The 6 Fasts of Shawwal

Hadhrat Abu Ayyub Al-Ansari Radhiyallahu Anhu relates that Rasulullah (Sallallahu Alayhi Wa Sallam) says: “Whoever fasts the month of Ramadan and then follows it with six days of fasting in the month of Shawwal, it will be as if he had fasted the year through.” (Sahih Muslim, 1163)

These are optional fasts, thus one should not get entangled by feeding ones ego when one has Qadhaa (missed or broken fasts not caught up as yet) as these Qadha would take preference. Like a person who persists to gift items to his creditor whereas he ignore the money owed.


The month of Shawwal is singled out for the observance of extra fasts, since this month follows immediately after Ramadan. The six days of voluntary fasting are to the obligatory fast of Ramadan what the Sunnah prayers are to the obligatory prayers.


Rasulullah (Sallallahu Alayhi Wa Sallam) said: “The fast of Ramadan is like observing 10 months of fasting. Fasting six days of Shawwal is like observing two months of fasting. This together is like fasting throughout the year.” (Sahih Ibn Khuzaymah, Sunan Al-Nasai Al-Kubra)
Imaam Al-Nawawi Rahmatullahi Alaihi says:

“Scholars have explained that it is like observing a year of fasting because the reward of one’s good deeds are multiplied 10-fold. Therefore fasting the month of Ramadan is like fasting for 10 months and fasting six days in the month of Shawwal is like fasting for two months.” (Sahih Muslim)


Virtues of fasting six days

  1. Fasting 6 days in Shawwal after Ramadan gives the person the reward of fasting throughout the year.
  2. The fasts of Sha’ban and Shawwal are like the Sunnah prayers that accompany the five obligatory prayers. Like the Sunnah prayers, these extra fasts cover up for the deficiencies in our performance of our obligatory worship. On the Day of Judgment, our voluntary acts of worship will compensate for the shortcomings in how we carried out our duties. Most of us have deficiencies in our observance of our Ramadan fasts and we need something to cover up for those deficiencies.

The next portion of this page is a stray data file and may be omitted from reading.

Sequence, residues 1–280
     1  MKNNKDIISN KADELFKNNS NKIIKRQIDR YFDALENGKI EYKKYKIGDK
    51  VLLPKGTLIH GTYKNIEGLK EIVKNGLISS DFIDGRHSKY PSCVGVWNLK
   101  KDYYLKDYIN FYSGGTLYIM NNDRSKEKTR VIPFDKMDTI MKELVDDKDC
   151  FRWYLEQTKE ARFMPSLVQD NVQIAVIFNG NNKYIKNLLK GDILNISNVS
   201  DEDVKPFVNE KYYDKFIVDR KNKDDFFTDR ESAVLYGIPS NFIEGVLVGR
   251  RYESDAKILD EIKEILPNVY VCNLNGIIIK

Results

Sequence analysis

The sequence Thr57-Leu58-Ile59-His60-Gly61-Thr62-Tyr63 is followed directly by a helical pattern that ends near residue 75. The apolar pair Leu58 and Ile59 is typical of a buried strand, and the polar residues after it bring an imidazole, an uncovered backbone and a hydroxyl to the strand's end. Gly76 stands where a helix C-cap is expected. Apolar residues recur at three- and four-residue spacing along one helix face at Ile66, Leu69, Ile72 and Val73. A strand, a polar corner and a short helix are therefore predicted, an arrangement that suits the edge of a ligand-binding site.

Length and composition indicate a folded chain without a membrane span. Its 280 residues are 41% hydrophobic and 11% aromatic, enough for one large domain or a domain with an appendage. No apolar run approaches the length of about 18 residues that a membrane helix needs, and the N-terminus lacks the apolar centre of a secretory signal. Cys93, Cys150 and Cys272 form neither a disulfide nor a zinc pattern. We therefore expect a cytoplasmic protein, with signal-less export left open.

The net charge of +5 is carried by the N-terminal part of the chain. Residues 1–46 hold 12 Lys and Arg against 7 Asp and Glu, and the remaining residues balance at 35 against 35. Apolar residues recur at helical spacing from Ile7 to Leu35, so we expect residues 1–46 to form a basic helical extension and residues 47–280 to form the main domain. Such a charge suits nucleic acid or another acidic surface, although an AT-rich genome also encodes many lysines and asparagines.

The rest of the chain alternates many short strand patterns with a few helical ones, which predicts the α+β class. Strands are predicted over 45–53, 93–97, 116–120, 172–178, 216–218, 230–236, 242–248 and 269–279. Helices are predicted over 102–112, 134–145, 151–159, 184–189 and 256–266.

3. Our return to the habit of fasting right after Ramadan is a sign that our Ramadan fasts were accepted. When Allah accepts our worship, He blesses us to engage in further acts of piety. The saying goes: The reward of virtue is further virtue. Therefore, following one good deed with others like it is a sign that the first deed had been accepted by Allah. By contrast, if a person’s good deed is followed by a sinful one, it is an indication that the first good deed might not have been accepted.
  4. Those who observe the fast of Ramadan are given their recompense of the day of Eid Al-Fitr, the day when the fast is rewarded. Getting into the habit of fasting again soon thereafter is a means of giving thanks to Allah for the blessings that we have received. There is no blessing greater than forgiveness for one’s sins, and we know that fast of Ramadan is recompensed with forgiveness of one’s previous sins.
    Indeed, Allah has commanded us to give thanks for the blessings of the Ramadan fast and to do so by making mention of Him and through other means of giving thanks. Allah says: “(He wants you) to complete the number of days, and to glorify Him in that He has guided you; and perchance you may give thanks.” (Qur’an, 2:185)
    It is known that some of the pious predecessors would try to get up at night to pray the Tahajjud prayer. When Allah blessed them to wake up and do so, they would fast the next day in thanks to Allah for blessing them to observe that prayer.
    Every blessing that Allah gives us is something that we have to be thankful about. Moreover, when Allah blesses us to show thanks, this is a further blessing from Allah that deserves further thanks from us. If we show further thanks, this in turn is another blessing deserving our gratitude. There is no end to this and we can never be thankful enough. When we recognize that our thanks is never enough, this is the highest expression of gratitude we can give.

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